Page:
Queensland researchers say they have made a breakthrough in the fight to protect the shrinking koala population against chlamydia.
Scientists at the University of the Sunshine Coast said they had successfully vaccinated koalas against the disease, which was responsible for about 50 per cent of the marsupial’s deaths.
Researchers said a vaccination could be the key to protecting the native species from the painful and deadly disease.
Koala numbers had dropped dramatically in Queensland, New South Wales and the ACT over the past 20 years.
Microbiologist Professor Peter Timms from the University of the Sunshine Coast in the state’s south-east said chlamydia was one of the main reasons for that.
“In females, not only do they get reproductive tract disease which might lead to infertility, but also they get large cysts and they’re quite painful,” he said.
“You can see the animals that have these cysts and they can die from that.
“As well as that of course, the ones that are infected in the eyes that become blind, it makes it difficult for them to feed.
“In somewhere like south-east Queensland, unfortunately there are wild dogs present and so on.”
Professor Timms spent five years working on a vaccine to protect the animals from the disease.
The research team initially tested the treatment on captive koalas with good results.
The next step was to vaccinate 30 wild koalas in the Moreton Bay region, north of Brisbane.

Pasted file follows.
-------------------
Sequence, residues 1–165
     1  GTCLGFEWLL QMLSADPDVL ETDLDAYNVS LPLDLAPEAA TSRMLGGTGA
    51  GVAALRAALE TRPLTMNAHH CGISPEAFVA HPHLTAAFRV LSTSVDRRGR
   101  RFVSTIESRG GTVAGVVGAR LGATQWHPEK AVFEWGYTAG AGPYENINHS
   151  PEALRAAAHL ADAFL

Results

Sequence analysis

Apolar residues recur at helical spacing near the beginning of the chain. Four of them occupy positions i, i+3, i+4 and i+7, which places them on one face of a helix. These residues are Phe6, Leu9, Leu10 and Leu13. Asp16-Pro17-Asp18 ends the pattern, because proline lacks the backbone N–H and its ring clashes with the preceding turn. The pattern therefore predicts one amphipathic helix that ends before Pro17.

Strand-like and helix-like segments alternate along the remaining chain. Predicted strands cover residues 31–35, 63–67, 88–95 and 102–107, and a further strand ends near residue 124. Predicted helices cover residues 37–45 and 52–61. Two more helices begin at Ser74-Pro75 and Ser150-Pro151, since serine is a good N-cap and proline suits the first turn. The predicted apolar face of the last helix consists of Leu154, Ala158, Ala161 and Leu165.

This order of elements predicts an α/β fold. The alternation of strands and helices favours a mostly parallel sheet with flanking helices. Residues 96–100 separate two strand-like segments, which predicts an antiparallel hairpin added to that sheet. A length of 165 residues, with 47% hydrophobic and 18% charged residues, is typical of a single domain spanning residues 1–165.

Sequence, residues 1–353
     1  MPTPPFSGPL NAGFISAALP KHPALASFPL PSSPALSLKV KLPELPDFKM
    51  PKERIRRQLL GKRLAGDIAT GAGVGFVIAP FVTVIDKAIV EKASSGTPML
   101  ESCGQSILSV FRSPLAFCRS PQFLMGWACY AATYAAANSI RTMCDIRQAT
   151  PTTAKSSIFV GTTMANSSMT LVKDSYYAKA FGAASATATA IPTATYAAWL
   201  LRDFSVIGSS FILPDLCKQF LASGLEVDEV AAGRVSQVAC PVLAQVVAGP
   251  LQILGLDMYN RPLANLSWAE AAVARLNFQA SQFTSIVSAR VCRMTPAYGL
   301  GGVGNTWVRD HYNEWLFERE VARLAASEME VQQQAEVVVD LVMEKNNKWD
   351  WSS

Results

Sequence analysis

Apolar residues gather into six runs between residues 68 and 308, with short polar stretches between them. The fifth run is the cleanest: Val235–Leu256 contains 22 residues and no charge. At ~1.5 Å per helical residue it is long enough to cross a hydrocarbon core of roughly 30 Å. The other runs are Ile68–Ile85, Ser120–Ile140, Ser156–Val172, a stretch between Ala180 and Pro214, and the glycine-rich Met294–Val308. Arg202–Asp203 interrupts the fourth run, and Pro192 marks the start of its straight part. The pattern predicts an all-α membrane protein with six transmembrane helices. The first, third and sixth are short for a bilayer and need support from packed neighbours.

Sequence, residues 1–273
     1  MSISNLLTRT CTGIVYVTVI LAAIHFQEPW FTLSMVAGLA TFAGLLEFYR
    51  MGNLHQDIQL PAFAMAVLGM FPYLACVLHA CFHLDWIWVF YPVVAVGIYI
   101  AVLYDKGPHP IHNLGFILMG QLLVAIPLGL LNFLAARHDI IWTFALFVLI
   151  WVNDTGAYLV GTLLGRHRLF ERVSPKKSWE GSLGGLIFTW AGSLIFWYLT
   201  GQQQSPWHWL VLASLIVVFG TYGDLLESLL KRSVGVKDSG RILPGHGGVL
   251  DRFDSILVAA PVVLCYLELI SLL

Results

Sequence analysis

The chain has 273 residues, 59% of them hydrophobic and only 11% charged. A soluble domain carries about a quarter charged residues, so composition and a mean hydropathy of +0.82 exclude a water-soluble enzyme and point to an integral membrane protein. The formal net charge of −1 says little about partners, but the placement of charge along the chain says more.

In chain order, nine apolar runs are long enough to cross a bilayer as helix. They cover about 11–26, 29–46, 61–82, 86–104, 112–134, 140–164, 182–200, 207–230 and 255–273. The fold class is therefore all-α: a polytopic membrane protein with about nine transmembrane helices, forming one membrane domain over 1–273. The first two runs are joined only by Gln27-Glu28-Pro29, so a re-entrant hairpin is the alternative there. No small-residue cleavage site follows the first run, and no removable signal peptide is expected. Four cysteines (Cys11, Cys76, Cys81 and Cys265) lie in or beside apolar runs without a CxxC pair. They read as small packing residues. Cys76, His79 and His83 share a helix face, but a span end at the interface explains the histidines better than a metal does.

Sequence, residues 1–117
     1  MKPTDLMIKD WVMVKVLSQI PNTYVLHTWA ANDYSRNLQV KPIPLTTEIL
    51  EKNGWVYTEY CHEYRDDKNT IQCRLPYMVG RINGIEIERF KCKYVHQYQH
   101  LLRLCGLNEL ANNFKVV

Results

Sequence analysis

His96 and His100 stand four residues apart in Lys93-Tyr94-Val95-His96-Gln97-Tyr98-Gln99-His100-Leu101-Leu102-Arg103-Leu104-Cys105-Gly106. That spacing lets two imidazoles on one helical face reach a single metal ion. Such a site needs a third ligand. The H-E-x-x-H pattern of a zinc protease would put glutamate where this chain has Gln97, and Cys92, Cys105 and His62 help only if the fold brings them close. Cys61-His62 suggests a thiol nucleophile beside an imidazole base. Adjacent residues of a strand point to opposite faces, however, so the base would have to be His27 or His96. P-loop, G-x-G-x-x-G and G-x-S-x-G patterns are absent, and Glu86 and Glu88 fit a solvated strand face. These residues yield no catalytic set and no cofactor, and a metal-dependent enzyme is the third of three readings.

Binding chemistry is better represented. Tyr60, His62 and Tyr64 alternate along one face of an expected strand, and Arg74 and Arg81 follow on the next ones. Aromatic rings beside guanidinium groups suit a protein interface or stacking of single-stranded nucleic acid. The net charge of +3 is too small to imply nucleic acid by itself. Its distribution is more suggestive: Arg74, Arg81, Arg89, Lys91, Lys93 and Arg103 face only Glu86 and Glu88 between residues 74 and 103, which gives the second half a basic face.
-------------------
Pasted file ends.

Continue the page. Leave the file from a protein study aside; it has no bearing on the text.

Hope vaccine will improve female koala fertility
Professor Timms said the results were very promising.
“The first thing is, animals that are already infected – did it stop the infections going higher or getting more infection load? And the answer to that is yes,” he said.
“Second thing is some animals don’t yet have the infection but could be going to pick up a new infection so we tested whether or not the vaccine would prevent them from getting new infections.”
He said the vaccine could be a crucial step towards improving fertility in female animals to help the population survive.
“None of our vaccinated animals went from having an infection to getting actual disease – so blindness or reproductive tract cysts,” he said.
“Whereas in the control group, three of them when from having an infection but then going on to get a disease.”
Professor Timms said it would be unrealistic to vaccinate every koala, but it would make sense to treat the hundreds of animals that were processed through care centres and animal hospitals.
“That’s an ideal opportunity to vaccinate those koalas while they’re already there, before they’re released back into the wild,” he said.
“But as well as that, there’s more and more populations, and the ones we’ve been doing this trial on in the Moreton Bay region is a good example, where it’s humans causing them to be impacted by what we do.
“Those animals can then be captured and potentially the whole population is vaccinated.
“There’s plenty of opportunities to vaccinate thousands and thousands of the ones that are most vulnerable at this point in time.”
Environment issues impact koala survival
Professor Timms said more effort was needed to protect koala populations that he said were shrinking day by day.
“There are a couple of areas down south of Australia where koala numbers seem to be increasing, and so people think that that means everything’s all right,” he said.
“The answer is everything’s not all right.
“It might be in 10 per cent of the situation it might be okay, but in 90 per cent it’s not okay.”
He said there were environmental issues that took time to solve.
“You can’t turn around tomorrow and at the last minute decide to save them,” he said.
“You need to be planning ahead 10 years before their numbers become so low that they’re hard to recover again.”